Activism vs. Art

Like everyone else who came to the Fringe Festival this year, I truly wanted to adore Heart of Coal. Anyone who I had met who was involved in the show, even people whose names appeared in the program that I knew – I really like all of them. And of course the fact that Heather Henson had created the show’s puppets was a huge selling point. I got to learn a little bit about the environmental issue at hand in the show and I agreed with it a great deal. I was really excited before sitting down in the Green Venue to see the show on Thursday night. I even brought a bunch of friends, Fringe virgins, to see it.

At the end of the production, I regretted that it had been my friends’ first Fringe exposure. They hated it. I didn’t have such strong feelings against it, but something about it had bothered me. The set was beautiful, and I even liked the story. Albeit simplistic and lacking the allegory to truly make it a fable, I loved the idea of a fantasy kingdom and the problem seen through the eyes of a little girl. I loved the whimsy of it. I loved the concept and I adored the look of it, its use of music, the video that opened the production.

But it’s taken me this long to figure out what bothered me about it. First of all, the show would have been immensely more satisfying had there been a small, squawky puppet character, as I have come to love so well in other Henson creations. Think of the rats in Muppets Take Manhattan.

In all seriousness, however, I think there is a fine line crossed when the message of artwork overtakes the artistic achievement of the product. I don’t listen to any particular music for its message. But I try care for the earth – I’ve been a vegetarian for years, I drive a compact car (until I can afford a hybrid), I love composting, I am a recycling maniac, and I voted for Dennis Kucinich in the 2004 primary. But I don’t listen to music for any political purpose. There is great political music – don’t get me wrong, but it’s also first and foremost beautiful music. Think Sergai Prokofiev and Bob Dylan. I don’t listen to third-rate fourth-wave punk music just because the bands making it espouse hatred for George W. Bush and love for tofu.

I don’t disagree with the message of the Heart of Coal in any way, shape or form. I doubt there are many people who attended the Fringe who do, although I saw a McCain sticker on a car in the Shakespeare Festival parking lot. But the show’s problem comes in that it needs more development than simply presenting an issue. The same problem is everything I take issue with in Christian rock. A great deal of extremely popular Top 40 or radio rock music is awful, and much Christian “rock” consists of slimy derivatives of that. Yuck. But people listen to it because they agree with its message.

And don’t get me wrong. Heart of Coal was not that. It was completely original (although the Evil King could have done without the eye-patch). And it came close to living up to its potential. But there’s a reason that Schindler’s List is a movie that high school students watch in classrooms all across America and Syriana never will be. Much of Hollywood needs to realize this, too. We as audiences don’t have to put a stamp on something and say it’s great just because it deals with an important issue. There is a decided difference between activism and art. As a piece of activism, Heart of Coal is stellar. As a work of art, it’s a good start. More than that, though, I would love to see the ideas in this play developed into something that pulls together more, possibly developing other characters, and playing around with dialogue more. The bottom line is that to me, the best art doesn’t tell me its important and then try and live up to that label. The best music, theatre, anything really, is that which compels me with a beautiful story, a wonderful structure, and has an artistic impact on me which changes my mind. I think that a work like Heart of Coal has the potential to be that – it just needs more time.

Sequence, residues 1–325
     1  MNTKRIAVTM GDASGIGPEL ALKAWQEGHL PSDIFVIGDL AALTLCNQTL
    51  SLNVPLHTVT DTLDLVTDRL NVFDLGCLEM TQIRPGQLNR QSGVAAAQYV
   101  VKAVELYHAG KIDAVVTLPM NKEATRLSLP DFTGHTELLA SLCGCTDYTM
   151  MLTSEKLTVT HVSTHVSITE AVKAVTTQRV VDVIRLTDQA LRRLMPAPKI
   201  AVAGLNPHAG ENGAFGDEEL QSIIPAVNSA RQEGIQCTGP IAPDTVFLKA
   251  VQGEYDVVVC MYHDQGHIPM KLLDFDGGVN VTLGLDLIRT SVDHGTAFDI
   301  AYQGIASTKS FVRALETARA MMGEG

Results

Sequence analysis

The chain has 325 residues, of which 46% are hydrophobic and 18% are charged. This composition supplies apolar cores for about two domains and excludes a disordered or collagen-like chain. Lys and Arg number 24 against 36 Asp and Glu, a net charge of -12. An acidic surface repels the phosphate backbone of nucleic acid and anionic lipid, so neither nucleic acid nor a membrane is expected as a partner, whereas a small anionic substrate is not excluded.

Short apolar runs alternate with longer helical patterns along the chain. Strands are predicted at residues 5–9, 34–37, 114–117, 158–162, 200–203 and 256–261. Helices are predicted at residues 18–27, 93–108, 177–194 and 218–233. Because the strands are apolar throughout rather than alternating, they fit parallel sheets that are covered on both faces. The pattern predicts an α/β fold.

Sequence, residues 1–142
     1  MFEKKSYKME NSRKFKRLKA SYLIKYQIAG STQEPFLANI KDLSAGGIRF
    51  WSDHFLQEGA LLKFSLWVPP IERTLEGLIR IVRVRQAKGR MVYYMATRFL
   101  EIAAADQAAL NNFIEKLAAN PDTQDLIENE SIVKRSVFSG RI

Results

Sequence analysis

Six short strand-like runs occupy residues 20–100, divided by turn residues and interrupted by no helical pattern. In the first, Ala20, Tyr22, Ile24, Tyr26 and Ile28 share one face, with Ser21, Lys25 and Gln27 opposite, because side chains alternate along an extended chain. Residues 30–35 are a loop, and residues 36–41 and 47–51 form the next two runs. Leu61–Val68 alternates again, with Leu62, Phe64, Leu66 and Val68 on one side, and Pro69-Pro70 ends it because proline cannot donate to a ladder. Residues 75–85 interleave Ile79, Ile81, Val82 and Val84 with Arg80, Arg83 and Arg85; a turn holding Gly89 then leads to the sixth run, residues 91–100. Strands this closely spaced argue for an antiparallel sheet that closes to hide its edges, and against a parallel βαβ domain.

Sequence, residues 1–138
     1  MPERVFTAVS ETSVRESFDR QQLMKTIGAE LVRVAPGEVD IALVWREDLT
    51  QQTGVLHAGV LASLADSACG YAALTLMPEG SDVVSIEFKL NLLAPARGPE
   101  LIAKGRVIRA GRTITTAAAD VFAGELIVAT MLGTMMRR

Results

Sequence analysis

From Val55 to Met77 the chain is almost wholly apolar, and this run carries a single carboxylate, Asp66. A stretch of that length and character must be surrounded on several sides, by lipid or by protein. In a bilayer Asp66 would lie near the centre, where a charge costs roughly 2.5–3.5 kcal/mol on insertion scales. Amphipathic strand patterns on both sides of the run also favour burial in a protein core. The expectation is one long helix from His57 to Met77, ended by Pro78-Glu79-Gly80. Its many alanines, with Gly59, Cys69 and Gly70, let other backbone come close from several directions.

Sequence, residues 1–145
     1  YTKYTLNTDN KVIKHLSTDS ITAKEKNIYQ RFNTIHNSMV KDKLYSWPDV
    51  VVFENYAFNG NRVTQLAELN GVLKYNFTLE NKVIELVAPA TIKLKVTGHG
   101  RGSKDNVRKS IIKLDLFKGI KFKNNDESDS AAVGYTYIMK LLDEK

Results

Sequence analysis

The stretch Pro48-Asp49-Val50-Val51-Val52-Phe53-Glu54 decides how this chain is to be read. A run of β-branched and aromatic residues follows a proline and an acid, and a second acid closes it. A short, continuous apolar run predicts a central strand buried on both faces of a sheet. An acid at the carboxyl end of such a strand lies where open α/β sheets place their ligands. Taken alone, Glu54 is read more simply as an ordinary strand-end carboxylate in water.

1 comment

 
Jeremy wrote 14 years 33 weeks ago

Thanks for your thoughtful

Thanks for your thoughtful words, Emily.
What I'm discovering, in regards to opinions of the show, is that people either loved it or hated it. For every person who said that they were disappointed, someone else said that they were very moved by it. And I'm ok with that. I think it's all a matter of expectation. It seems that our show was one of the most anticipated shows at the Fringe this year (for either the theme or the design aspects). I think people wanted something that the show never was, so of course they were disappointed. The story was never supposed to be epic or complex. If it came across cliche or obvious to people, well, it was kind of meant to be... in the way fairy tales are. We didn't want to be important. Schindler's List and Syriana are both way out of our league. Hell, we weren't even trying to be Pan's Labyrinth. We just wanted to educate with a little tale that anyone, of any age or background, could understand. Did we have a message? Absolutely. And that in itself is a huge risk at Fringe.

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